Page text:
3.  Tracing the right standard

SMEs may have problems finding the relevant standards, or knowing whether a standard is still in effect.

4.  Obtaining standards

SMEs may have difficulty getting hold of a standard because they are unaware of the distribution points, because of the price of standards, or simply because they end up buying the wrong standard (through inadequate description of its contents).

5.  Comprehension

SMEs may not properly understand a standard due to the technical content and language, the unavailability of a version in the national language, the abundance of references to other standards, or a lack of information on the context of the standard.


6.  Implementation

Most of the benefits, of course, come from the implementation of the standard. SMEs may have difficulty implementing standards, either because of their inherent complexity or due to lack of knowledge or skills.

7.  Evaluating implementation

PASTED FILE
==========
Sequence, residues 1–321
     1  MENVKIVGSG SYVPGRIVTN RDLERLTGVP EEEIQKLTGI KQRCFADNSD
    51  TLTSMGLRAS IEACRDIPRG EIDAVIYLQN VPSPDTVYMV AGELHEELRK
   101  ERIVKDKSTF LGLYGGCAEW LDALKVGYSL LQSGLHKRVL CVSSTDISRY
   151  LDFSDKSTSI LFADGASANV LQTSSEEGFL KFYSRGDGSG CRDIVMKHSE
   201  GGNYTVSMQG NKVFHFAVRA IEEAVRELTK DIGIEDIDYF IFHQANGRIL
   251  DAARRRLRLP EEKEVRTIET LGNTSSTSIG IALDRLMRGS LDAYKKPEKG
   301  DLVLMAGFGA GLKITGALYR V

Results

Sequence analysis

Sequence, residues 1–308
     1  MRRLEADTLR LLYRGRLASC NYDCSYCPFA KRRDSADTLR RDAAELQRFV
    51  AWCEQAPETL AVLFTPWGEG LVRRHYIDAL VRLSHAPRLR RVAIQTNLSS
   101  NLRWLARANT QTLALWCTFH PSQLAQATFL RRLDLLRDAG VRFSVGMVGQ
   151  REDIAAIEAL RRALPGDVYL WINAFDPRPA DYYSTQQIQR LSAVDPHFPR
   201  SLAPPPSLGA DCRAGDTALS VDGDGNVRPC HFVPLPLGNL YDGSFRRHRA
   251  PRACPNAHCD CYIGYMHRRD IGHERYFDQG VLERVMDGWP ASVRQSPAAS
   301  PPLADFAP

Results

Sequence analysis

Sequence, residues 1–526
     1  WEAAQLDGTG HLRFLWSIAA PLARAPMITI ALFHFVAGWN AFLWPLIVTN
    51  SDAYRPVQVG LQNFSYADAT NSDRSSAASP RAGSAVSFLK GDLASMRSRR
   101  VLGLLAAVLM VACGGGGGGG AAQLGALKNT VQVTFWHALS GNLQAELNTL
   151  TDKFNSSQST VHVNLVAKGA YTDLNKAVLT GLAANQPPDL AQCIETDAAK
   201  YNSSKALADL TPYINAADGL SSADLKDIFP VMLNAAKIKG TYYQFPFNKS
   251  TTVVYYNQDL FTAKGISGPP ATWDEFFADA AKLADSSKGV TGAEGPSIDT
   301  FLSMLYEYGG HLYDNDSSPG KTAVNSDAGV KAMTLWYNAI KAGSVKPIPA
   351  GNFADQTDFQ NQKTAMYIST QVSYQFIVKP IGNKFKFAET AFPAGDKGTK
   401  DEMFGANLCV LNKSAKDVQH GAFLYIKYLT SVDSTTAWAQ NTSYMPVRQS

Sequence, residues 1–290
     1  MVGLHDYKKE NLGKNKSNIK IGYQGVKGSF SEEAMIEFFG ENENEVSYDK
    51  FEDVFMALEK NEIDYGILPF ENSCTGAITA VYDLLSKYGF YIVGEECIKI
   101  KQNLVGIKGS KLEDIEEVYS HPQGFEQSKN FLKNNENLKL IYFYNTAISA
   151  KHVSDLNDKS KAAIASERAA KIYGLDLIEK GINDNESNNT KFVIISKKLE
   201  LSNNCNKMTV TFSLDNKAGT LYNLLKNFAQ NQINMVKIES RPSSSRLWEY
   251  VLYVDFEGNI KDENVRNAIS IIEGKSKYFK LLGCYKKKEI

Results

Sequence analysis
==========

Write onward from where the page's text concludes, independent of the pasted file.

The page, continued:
Achieving business goals is the chief motivation for implementing a standard. An SME may therefore wish to evaluate the potential benefits of implementation to derive lessons that will help implement standards in the future and gain feedback for the standards developers.



To read the article fully please click on the link below:




New ISO video on benefits of standards for small and medium-sized enterprises

ISO had just launched a new video that shows how International Standards can help small and medium-sized enterprises (SMEs) to be more competitive on global markets.

At the same time, ISO has opened a new section on its Website highlighting ISO publications aimed at helping SMEs to benefit from standards

The video, available in English and French, points out that SMEs are at least 90 % of companies in most economies and when they use ISO standards, it adds credibility and confidence in their products and services.


ISO and SMEs